Tract Toric UHD 1-8x24 mm MOA IR LPVO SFP Review

If you’re looking for an LPVO that can perform flawlessly for both fast, short-range engagements and long-range pursuits at a more-affordable price than expected, the latest from Tract might be the answer.

posted on October 17, 2022
Tract Toric

By now the Tract Optics story should be well known to shooters. The company pioneered the concept of direct-to-consumer optics sales, and in the past 7 years, it has grown to cover a wide range of optics both for the tactical and hunting markets. Tract offers high-quality optics at outstanding prices, as there is no middleman. 

We can thank the preponderance of AR-15 rifles in America and the sport of 3-gun for the development of Tract’s new tactical scope. The 1-8X magnification range concept originated with 3-gun competition demands, and because that type of competition mirrors tactical situations, the technical developments have strong crossover applications into the world of self-defense. 

The new Tract Optics Toric 1-8x24 mm is a 30 mm-tube scope that may well be the pinnacle of LPVO (Low-Power, Variable Optic) AR-15-sighting systems. It’s also a good scope for use on dangerous game or other hunting rifles, but we will focus on the defensive applications. 

The concept of a 1-8X is pretty simple, even if the engineering is not. Clearly, the higher 8X magnification is an asset over lower-power tactical scopes when trying to shoot with precision at long range. The image is clear and crisp because the scope has a fully multicoated, ultra-high-definition optical system with an extra-low-dispersion (ED) lens to eliminate color fringing, and the glass itself is high-end Schott HT (high-transmission), which is only found in the best optics. 

Tract  Toric features
Thanks to its compact size and large magnification range, the Toric 1-8x24 mm is an extremely versatile optic • Less than 11 inches long, the scope won’t take up excessive space atop a rifle • Positive-click, .5-MOA adjustments for windage and elevation make zeroing this scope easy, and turret covers help protect against bumps that might inadvertently move the reticle • Brightness of the illuminated red dot in the reticle’s center is con- trolled by a knob on the 30 mm tube’s left side.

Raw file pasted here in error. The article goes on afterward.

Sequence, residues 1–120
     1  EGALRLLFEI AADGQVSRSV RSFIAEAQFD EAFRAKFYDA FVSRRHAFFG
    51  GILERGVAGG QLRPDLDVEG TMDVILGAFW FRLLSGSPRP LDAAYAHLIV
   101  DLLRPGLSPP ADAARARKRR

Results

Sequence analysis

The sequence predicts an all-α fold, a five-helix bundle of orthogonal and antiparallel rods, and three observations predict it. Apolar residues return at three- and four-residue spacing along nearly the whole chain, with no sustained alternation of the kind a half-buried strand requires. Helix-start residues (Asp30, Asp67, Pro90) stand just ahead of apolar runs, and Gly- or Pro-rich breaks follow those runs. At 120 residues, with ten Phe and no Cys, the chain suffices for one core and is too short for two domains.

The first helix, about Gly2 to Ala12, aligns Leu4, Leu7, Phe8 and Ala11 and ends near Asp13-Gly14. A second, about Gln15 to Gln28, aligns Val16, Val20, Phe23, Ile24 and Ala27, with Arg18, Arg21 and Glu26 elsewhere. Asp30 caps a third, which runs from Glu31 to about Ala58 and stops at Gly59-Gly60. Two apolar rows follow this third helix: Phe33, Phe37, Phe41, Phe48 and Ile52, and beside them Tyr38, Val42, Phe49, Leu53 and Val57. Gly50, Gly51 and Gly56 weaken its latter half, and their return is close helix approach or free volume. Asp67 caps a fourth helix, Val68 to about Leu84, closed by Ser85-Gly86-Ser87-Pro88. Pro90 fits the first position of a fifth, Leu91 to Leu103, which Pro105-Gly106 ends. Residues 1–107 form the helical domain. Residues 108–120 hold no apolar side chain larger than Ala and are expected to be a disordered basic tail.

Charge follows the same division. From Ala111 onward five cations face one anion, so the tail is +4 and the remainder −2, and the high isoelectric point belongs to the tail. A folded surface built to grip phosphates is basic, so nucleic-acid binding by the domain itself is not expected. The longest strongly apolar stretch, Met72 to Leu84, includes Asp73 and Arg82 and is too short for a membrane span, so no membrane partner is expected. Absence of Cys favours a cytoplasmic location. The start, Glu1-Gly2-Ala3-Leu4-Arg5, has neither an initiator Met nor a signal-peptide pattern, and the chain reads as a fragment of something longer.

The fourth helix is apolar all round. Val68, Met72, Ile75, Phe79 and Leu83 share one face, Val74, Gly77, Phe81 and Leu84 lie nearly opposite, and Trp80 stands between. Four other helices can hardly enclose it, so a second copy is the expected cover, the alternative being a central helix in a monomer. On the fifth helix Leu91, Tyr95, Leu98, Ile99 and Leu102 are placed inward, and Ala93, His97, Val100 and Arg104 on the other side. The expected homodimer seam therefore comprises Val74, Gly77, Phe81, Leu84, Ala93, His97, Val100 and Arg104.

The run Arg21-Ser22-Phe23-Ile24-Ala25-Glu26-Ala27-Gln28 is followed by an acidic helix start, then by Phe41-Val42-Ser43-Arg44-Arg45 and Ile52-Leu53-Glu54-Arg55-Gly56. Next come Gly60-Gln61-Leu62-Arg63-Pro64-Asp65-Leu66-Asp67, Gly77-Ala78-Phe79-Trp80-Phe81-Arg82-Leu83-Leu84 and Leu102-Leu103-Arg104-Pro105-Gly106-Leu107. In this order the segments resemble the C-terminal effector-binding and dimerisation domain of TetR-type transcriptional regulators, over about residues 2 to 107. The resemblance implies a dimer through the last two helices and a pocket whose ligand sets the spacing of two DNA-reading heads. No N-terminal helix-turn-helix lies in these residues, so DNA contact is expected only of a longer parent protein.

The addition of a multi-aiming-point reticle etched into the glass simplifies holdover for shooting at distance. This scope has holdover marks out to 40 MOA. Using Black Hills’ 69-grain MatchKing ammo and a 200-yard zero, the reticle has fixed aiming points out to 907 yards. Dialing up is an option, too, as the elevation adjustment knob is well marked and easily turned with just your fingers. The scope has a 100-MOA adjustment range. 

The other end of the spectrum is the 1X magnification. With a true 1X, the shooter can keep both eyes open for rapid target acquisition and transitions between targets. With the addition of a daylight-visible, illuminated red dot at the center of the crosshair, this is one of the fastest close-range optics available, since it behaves like a red-dot sight at 1X. 

The Toric 1-8x24 mm scope has its reticle in the second focal plane, which means it does not change size as the magnification is increased or decreased. The holdover aspect in
this case is correct only at 8X, but if you are going to shoot long-range, that’s where the scope will be set. The reticle’s advantage is at 1X. With many first-focal-plane scopes, the reticle becomes tiny and very hard to see at 1X. That’s exactly what you do not want in a close-range, defensive situation. 

Center-dot illumination is adjustable, with 10 brightness settings that have off-stops between each level to make it quick and easy to turn off and back on at the preferred brightness level. It’s visible in daylight, but if I had to nit-pick on this scope, I would want the dot to be a bit larger and a bit brighter. Still, I was able to do some very fast target-to-target transitions at close range using the illuminated-dot reticle and shooting with both eyes open. I am a bit rusty, but I was still able to shoot fast. There was a master class pistol shooter with me and I challenged him to beat my times with his pistol. He declined. 

I tested the tracking with a Champion Redfield Precision Sight-In Target. This target has a center diamond and four smaller diamonds in the corners, set 9 inches apart. After zeroing for 100 yards, I fired a group in the center of the target. I moved the scope’s adjustments to allow a center hold and to hit each of the four diamonds in turn. The scope tracked true throughout the test. Then, I turned the dials to return to zero and impacted in my original group. In total, that is 44 inches of adjustment in all directions. A perfect return to zero indicates the mechanics inside the scope track extremely well. 

I mounted this scope on a lightweight JP Enterprises carbine, and I think it may be my new favorite long gun/optic combo.

Tract  Toric UHD 1-8x24 mm MOA IR LPVO SFP specs


9mm, 9x21 mm
9mm, 9x21 mm

No Fun Finding 9x21 Ammo

When dealing with two similar calibers like the 9x21 mm and the 9 mm one must be particularly cognizant that the ammo used matches the caliber stamped on the barrel to lessen the possibility of potential damage to yourself and/or your firearm. 

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